There were also social activities, which brought him into friendly association with the people generally. The old Baptist Chapel had been converted into a Mechanics' Institute and he usually presided at the popular "Penny Reading" entertainment’s, which attracted crowded audiences. There is no memory dearer to old Earby people than the venerable rector with Joseph Wilkinson, a quaint old farmer, by his side holding a lighted candle and giving readings in the dialect from the "Clock Almanack," and joining in the laughter and merriment which convulsed the company.

A Coming-of-Age.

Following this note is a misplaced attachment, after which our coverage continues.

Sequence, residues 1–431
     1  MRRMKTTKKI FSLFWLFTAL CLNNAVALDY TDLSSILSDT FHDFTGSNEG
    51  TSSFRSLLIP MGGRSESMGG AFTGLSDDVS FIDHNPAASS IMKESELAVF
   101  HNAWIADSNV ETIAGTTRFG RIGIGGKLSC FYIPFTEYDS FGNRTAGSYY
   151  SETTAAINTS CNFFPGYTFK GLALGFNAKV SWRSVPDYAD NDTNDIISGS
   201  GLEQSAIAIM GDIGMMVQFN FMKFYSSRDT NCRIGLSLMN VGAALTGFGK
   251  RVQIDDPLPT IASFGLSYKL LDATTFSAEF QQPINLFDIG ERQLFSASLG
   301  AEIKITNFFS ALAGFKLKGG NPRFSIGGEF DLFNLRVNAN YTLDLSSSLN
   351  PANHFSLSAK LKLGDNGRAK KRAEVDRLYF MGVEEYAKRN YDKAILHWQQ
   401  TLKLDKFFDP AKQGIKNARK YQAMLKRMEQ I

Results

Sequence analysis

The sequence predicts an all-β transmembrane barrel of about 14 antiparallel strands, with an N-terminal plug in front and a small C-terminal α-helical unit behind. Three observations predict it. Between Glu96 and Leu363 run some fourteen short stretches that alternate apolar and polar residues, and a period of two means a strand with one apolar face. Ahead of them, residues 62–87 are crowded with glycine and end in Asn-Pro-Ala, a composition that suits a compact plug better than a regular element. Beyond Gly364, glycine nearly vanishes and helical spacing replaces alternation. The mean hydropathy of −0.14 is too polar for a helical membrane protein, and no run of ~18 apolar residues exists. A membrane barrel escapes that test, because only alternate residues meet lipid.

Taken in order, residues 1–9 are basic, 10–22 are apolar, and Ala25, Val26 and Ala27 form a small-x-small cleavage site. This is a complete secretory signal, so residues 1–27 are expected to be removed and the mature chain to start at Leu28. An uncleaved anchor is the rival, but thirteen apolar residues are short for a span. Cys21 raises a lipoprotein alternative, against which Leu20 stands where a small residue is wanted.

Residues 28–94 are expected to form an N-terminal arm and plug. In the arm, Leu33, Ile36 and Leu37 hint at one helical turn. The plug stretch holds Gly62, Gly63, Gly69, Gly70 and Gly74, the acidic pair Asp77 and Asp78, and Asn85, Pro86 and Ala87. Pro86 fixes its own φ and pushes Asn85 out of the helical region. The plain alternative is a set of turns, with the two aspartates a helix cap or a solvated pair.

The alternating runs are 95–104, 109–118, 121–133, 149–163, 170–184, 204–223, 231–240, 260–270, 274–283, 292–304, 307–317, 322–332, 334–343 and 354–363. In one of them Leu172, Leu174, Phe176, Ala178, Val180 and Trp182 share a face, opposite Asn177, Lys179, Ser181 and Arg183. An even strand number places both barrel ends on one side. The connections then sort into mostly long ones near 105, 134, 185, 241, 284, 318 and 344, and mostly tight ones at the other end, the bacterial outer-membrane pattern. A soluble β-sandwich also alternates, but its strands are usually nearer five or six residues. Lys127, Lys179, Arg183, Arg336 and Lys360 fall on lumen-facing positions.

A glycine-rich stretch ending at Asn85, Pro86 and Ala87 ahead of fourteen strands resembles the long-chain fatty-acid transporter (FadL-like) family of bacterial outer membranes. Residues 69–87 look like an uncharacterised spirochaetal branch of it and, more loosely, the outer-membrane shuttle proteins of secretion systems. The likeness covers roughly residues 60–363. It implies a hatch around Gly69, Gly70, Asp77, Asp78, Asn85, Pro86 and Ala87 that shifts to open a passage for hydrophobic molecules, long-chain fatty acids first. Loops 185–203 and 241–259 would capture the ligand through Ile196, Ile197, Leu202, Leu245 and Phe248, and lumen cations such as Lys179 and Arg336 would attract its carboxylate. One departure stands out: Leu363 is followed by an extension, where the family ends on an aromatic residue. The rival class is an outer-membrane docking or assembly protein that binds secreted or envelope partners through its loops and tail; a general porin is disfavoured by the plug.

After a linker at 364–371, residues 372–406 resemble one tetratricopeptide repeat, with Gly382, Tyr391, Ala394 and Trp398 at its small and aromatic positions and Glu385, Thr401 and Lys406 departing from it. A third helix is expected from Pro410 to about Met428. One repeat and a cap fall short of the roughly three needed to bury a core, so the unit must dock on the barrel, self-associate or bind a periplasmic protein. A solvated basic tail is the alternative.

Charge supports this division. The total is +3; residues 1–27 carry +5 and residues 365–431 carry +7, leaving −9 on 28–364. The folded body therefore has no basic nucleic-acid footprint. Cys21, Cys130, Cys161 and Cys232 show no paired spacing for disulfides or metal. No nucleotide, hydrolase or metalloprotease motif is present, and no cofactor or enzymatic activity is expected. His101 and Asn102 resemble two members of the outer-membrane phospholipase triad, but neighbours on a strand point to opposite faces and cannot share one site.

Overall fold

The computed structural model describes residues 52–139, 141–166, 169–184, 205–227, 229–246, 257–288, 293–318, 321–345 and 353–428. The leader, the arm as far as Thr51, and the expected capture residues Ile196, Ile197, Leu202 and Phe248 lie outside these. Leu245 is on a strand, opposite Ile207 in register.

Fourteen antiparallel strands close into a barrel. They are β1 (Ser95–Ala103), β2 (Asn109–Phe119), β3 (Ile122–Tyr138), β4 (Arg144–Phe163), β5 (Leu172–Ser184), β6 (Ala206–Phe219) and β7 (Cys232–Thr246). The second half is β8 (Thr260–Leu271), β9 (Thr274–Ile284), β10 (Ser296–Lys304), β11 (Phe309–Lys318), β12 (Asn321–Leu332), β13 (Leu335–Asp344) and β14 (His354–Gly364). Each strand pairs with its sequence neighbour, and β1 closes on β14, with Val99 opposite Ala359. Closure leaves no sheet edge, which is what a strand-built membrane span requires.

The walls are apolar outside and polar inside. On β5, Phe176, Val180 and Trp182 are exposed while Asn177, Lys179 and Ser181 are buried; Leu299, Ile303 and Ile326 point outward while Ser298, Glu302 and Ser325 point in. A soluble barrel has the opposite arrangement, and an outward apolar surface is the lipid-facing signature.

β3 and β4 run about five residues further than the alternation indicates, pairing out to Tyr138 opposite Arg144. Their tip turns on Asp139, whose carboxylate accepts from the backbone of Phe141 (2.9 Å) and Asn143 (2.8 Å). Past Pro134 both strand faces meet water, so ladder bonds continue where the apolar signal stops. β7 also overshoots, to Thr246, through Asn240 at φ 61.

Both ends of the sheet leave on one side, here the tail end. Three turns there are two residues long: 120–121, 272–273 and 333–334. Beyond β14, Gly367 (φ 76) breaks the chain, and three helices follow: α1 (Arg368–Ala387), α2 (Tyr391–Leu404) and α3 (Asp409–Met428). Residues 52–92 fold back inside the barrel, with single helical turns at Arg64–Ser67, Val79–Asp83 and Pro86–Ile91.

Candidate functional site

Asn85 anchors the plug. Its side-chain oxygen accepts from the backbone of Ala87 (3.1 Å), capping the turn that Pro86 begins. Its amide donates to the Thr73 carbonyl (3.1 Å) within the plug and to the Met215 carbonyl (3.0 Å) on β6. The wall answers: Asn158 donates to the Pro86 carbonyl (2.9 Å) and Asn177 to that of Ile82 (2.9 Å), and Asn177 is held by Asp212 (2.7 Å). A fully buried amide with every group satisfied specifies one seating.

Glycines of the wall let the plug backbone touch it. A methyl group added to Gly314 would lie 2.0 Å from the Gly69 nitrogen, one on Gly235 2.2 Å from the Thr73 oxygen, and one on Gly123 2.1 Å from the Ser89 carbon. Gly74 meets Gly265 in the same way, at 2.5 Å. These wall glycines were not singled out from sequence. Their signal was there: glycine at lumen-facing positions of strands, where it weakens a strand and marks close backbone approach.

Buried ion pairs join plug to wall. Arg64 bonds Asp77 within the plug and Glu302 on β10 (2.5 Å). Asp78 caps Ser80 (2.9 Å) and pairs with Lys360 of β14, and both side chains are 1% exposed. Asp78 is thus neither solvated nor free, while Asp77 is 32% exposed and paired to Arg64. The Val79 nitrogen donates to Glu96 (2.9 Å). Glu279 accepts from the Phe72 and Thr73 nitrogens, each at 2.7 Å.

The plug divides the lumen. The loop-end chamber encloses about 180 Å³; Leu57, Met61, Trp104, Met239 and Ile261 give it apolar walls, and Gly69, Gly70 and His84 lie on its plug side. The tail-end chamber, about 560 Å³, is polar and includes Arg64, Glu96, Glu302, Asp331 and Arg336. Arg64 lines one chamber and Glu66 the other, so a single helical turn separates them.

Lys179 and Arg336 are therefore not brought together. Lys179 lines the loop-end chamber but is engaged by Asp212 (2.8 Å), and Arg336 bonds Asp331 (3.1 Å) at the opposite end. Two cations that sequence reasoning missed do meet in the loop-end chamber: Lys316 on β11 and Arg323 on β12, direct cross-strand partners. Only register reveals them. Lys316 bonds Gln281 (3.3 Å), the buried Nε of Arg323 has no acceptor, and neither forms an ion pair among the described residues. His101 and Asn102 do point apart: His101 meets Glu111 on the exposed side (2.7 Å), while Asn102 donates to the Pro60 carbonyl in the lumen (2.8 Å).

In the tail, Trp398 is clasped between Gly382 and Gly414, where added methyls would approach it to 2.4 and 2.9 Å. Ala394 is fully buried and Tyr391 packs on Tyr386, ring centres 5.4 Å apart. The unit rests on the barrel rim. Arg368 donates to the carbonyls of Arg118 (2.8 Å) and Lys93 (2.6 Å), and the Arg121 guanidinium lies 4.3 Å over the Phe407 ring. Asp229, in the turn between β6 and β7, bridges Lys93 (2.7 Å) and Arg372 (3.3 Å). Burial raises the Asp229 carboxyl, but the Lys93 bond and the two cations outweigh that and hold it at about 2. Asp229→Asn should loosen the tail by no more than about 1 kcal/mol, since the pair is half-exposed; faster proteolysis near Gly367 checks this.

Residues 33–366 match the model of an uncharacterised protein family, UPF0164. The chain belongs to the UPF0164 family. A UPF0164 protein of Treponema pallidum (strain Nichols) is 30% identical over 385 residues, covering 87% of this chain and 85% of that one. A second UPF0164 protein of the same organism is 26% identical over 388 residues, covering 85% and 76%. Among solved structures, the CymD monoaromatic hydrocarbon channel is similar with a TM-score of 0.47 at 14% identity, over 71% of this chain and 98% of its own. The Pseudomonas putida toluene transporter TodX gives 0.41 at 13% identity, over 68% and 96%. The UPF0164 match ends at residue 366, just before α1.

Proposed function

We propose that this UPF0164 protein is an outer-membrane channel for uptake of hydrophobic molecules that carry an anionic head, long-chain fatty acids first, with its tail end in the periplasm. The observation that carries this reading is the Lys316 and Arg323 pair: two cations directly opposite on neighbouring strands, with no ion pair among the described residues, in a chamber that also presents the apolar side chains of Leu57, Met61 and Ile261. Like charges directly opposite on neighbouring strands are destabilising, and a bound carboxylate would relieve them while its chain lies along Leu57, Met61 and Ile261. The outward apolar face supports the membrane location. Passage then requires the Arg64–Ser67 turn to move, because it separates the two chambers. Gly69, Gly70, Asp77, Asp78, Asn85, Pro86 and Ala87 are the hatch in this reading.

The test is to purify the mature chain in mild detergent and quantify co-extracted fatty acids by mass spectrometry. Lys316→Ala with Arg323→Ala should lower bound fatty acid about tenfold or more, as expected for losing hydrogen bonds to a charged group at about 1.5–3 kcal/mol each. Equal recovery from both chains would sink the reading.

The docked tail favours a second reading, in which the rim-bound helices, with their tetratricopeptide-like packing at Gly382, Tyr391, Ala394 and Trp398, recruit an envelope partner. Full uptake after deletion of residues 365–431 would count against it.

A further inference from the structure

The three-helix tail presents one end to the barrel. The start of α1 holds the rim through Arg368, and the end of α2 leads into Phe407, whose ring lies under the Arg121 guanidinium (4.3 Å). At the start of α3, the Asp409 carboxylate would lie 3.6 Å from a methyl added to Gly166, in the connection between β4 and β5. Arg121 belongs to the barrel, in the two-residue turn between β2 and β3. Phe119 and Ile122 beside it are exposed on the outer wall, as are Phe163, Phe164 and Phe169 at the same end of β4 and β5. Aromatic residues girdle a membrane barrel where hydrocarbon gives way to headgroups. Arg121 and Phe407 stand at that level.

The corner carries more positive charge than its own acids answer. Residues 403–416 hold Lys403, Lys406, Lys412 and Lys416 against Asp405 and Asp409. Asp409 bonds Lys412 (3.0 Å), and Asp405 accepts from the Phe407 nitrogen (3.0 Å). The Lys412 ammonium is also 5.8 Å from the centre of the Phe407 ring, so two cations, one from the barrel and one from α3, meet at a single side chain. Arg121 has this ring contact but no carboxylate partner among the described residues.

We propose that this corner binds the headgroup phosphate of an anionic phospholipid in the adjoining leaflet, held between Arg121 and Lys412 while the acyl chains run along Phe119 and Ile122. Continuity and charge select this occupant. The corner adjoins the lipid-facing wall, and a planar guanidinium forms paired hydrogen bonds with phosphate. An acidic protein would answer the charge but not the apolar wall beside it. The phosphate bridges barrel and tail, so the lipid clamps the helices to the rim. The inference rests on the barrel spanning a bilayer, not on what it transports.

A notable instance of this catholicity of spirit is furnished by a village celebration on July 13th, 1874, when the eldest son of the Earby village Master, Christopher Bracewell, came of age. The event coincided with Earby Feast Walking Day, and after the processions through the streets the villagers assembled on the lawn of Green End House. A presentation was made to "Mr. Robert" by Canon Morris, who also presided over the proceedings, and he took occasion to eulogise our country as a land of light and liberty, where every man could live contented "under his own vine and fig-tree, none daring to make him afraid." A vote of thanks to the rector was proposed by the Rev. M. C. Pennington. Wesleyan minister, which was seconded by the Baptist minister. Rev. E. Morgan. It was the custom, of the rector to attend the bazaars, which were promoted by the two chapel communities to raise the funds for their new chapels and schools, and he supported these efforts with all the encouragement in his power. When the faithful and invaluable services of the Canon were publicly recognised by a presentation on January 25th, 1873, among the speakers was a prominent Wesleyan local preacher from Earby, Mr. James Brown, the village postmaster, who was held in very high esteem by the rector. Mr. Wm. Pickles, also of Earby, was in charge of the musical arrangements, and gave an address. Mr. Thos. Turner, of Barnoldswick, paid worthy tribute to Canon Morris for undertaking pulpit duties at Barnoldswick during the long illness of their vicar, Rev. R. Milner.